“No resident in any corner of our city should feel unsafe going to school in the morning. No parent in our city should feel uneasy dropping their son or daughter off at the school doors. It’s simply unacceptable, but that paralyzing fear is something too many residents in our city live with each day.“

Marvin “Doc” Cheatham, who was at the scene of the shooting, said more should be done to get guns away from children. “These guns are in our homes. They’re not in trash cans or anything. … These kids are getting too quick access to guns because they’re right by them.”

Before releasing students at 10:30 a.m, the school system decided to have school buses or MTA buses pick up students at the school doors so they would not have to walk to bus stops. Parents who normally picked up their students in person were asked to meet them at the football field.

Sherry Christian, a media relations manager with Baltimore City Public Schools, said they reached out to the shooting victims’ families first before sending out emails and robocalls to all Carver families.

It’s times like this, Christian said, when parents possibly find out that their information isn’t updated. Many parents walked up to the school irate, questioning the process for getting kids and a lag in when they were notified.

”In all the chaos, people might think it takes a long time. I’m proud of how fast we got the information out,” Christian said.

School officials sent the first alert — through robocall, X, and a note on its website — to Carver parents at 9:05 a.m., notifying the parents of the three students who had been injured. They sent a second set of notifications 50 minutes later, informing parents of an early dismissal. The school system also rerouted all calls going into Carver’s switchboard to the school headquarters call center so the school would not be overwhelmed with phone calls, Christian said.

Early dismissal also meant getting creative with transportation because many students use public buses to get to and from school. Robbin Marshall, an assistant director of transportation for city schools, said he had to work with MTA to recruit drivers for oft-used routes for students.

After recruiting fill-in drivers, converting routes and even teaching drivers about new routes on the fly, many students were transported home if parents did not pick them up.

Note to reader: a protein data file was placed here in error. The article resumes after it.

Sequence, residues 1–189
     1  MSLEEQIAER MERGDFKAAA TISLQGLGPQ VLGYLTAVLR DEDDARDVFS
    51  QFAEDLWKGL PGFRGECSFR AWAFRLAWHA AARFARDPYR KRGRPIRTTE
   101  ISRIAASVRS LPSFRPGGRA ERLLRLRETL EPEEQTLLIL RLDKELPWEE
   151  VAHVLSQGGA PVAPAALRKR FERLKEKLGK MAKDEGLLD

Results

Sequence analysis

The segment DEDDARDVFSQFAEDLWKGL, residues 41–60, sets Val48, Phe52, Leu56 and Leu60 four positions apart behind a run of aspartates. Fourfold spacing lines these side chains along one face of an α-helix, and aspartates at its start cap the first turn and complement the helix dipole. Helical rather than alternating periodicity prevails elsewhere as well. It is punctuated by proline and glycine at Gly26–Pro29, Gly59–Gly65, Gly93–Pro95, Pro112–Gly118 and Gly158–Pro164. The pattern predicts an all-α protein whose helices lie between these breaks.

”A lot of people bash MTA, but I’ve had nothing but good experiences with them,” Marshall said.

Marshall added that the panic falls on all sides in situations like this and he understands why parents might get frustrated but “this is not something we do everyday either,” he said.

After-school activities are cancelled and the football game is postponed.

Jasmine Ware, a 17-year-old senior at Carver, said she wasn’t at school yet when the shooting happened. When she got off the bus, she saw police cars and was told to go into a classroom. Students were told to wait on one side of the classroom, she said.

It didn’t take long to find out that the senior trip to Hersheypark was canceled. Jasmine, who wants to work at a day care when she graduates, bought snacks for the trip the night before, making sure to include her favorite, Flamin’ Hot Doritos.

”It’s very aggravating. I was waiting all week for this,” she said.

Jasmine said no student wants to arrive at school and see it flooded with police officers. ”Baltimore is dangerous, but it’s just the people who have the guns. They just wanna do stupid stuff,” Jasmine said.

Christian said classes at Carver will resume Monday, but arrival times will be staggered by grade. An assembly has been planned for students to address the shooting and offer support. Counseling will be made available Monday for staff and students. Families have been notified of the steps the school plans to take.

“Staff will assess who needs more counseling,” Christian said, “and that support will be provided for as long as needed.”

Mayor Brandon Scott, in a statement after the arrests were announced, said, “This is a despicable example of parents facilitating the escalation of everyday conflict between young people into reckless gun violence endangering innocent lives. We cannot tolerate this. My hope is that those responsible for this incident, including the parents, will be brought to justice.”